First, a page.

The UN, however, has not passed the US attempt to impeach Venezuela, which rose from just "examination" on human rights. "The US wants to destabilize Venezuela by funding the opposition," said the ambassador in Caracas at the UN, Rafael Ramirez. The fiscal budget of the United States reveals that to "defend democratic practices, institutions and values ​​that support human rights" groups and NGO opposition (and journalists) received $ 5.5 million in 2017.

    Figures that are on page 96 of the report on the budget degl Congress, Department of State, Foreign Operations and associated programs of the United States. essential funding to purchase and distribute weapons and equipment of the expensive "guarimberos". To equip a "peaceful protester" serves a figure equal to more than 20 workers wages.

    The report indicates that the US will mobilize resources "groups in the democratic process" in Venezuela. Where for "democracy" means, of course, the Mexican and Colombian model and that of the International Monetary Fund. In the last month of events - starting in a peaceful way and turn into armed attacks, in the form of "color revolutions" - 42 people died and 900 were injured. As the alternative media as well as Reuters have documented, the goal is to cause death, chaos and destruction to accuse Maduro government of being a "dictatorship". Many dollars are spent on foreign travel of the deputies of the right, who shout from the rooftops that their country is "humanitarian crisis", but spend in luxury and fake news the money they receive.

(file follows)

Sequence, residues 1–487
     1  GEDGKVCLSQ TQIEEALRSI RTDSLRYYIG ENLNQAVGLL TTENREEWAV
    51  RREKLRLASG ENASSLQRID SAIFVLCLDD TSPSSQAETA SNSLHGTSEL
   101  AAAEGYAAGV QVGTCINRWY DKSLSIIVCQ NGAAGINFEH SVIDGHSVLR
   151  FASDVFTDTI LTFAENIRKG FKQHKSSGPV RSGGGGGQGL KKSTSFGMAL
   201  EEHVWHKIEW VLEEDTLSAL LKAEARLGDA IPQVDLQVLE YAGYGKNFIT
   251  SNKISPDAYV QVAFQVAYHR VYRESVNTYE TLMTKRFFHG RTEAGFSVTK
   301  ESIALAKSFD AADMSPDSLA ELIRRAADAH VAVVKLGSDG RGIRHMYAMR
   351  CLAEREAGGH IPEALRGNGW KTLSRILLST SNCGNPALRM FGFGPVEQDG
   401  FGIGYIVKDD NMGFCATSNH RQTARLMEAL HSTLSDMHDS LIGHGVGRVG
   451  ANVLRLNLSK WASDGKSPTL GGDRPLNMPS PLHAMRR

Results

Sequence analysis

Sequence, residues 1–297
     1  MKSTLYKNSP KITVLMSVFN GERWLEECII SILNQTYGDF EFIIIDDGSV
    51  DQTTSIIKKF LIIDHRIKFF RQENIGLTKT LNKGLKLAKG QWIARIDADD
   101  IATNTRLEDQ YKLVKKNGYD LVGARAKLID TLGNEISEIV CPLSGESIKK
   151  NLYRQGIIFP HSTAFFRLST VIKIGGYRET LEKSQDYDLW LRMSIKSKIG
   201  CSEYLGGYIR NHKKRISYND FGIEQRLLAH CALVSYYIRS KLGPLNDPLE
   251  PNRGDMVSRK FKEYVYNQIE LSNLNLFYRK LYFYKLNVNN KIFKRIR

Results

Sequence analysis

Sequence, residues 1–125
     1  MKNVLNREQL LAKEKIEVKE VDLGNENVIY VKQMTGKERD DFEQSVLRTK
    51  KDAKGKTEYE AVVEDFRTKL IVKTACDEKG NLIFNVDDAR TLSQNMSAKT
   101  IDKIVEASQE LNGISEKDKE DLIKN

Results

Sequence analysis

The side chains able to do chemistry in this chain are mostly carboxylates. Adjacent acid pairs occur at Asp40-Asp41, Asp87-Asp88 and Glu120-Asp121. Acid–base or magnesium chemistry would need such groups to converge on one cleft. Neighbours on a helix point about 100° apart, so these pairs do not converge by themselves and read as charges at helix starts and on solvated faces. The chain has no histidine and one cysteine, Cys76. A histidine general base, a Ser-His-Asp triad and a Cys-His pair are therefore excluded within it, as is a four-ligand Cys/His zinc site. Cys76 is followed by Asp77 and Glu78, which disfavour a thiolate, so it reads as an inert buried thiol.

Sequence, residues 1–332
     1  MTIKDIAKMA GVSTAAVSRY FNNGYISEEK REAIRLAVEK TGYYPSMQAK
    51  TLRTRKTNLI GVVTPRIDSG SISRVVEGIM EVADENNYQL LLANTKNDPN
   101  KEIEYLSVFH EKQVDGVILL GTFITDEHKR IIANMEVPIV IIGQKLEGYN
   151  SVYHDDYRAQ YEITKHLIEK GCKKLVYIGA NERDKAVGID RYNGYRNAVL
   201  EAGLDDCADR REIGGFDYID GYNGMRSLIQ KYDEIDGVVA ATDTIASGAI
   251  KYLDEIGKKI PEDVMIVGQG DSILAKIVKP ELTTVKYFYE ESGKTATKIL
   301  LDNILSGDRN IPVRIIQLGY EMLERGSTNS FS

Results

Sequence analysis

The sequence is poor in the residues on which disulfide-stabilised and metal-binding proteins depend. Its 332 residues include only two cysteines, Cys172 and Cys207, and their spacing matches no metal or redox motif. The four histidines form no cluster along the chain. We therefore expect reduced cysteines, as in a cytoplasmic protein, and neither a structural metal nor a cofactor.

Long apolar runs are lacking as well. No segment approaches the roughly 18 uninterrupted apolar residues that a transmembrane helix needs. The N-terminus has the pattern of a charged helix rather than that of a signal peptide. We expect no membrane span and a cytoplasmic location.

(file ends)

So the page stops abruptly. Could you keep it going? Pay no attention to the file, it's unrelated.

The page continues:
Much money is also used to violent campaigns against diplomats abroad and against those who dissent from the dominant story. Even the poster is routinely attacked with personal insults and threats. Between 2013 and 2014 they entered in Venezuela more than 14 million dollars from the US to finance subversive organizations, NGOs 'humanitarian' and Western journalists. In 2014, in more than three months of "guarimbas" 43 people have died and over 800 were injured. Neither the victims nor their relatives, however, have been heard by Western humanitarian organizations.

    Already in 2009, according to declassified documents from the State Department, the US lawyer Eva Golinger calculated that the funding of Nacionale Endowment for Democracy (Ned) to subversive groups in Venezuela amounted to $ 6.4 million. The Wikileaks documents have revealed a report by the embassy's political counselor at the US Caraca, Robert Downes, called "Five strategic areas of programmatic support team of the United States Agency for International Development (USAID)".